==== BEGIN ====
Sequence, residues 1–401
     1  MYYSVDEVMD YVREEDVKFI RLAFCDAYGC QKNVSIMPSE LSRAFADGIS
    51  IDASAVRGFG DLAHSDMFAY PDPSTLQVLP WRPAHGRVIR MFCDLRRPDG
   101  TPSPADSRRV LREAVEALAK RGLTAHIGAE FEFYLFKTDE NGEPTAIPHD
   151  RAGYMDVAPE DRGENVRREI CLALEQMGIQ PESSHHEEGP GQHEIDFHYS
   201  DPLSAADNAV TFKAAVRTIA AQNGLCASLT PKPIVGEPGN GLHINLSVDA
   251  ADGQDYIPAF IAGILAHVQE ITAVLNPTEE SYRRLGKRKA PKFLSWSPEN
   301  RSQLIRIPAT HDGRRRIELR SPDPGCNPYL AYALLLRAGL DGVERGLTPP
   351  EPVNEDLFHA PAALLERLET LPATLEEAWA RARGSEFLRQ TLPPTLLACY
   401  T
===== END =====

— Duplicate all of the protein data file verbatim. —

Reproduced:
Sequence, residues 1–401
     1  MYYSVDEVMD YVREEDVKFI RLAFCDAYGC QKNVSIMPSE LSRAFADGIS
    51  IDASAVRGFG DLAHSDMFAY PDPSTLQVLP WRPAHGRVIR MFCDLRRPDG
   101  TPSPADSRRV LREAVEALAK RGLTAHIGAE FEFYLFKTDE NGEPTAIPHD
   151  RAGYMDVAPE DRGENVRREI CLALEQMGIQ PESSHHEEGP GQHEIDFHYS
   201  DPLSAADNAV TFKAAVRTIA AQNGLCASLT PKPIVGEPGN GLHINLSVDA
   251  ADGQDYIPAF IAGILAHVQE ITAVLNPTEE SYRRLGKRKA PKFLSWSPEN
   301  RSQLIRIPAT HDGRRRIELR SPDPGCNPYL AYALLLRAGL DGVERGLTPP
   351  EPVNEDLFHA PAALLERLET LPATLEEAWA RARGSEFLRQ TLPPTLLACY
   401  T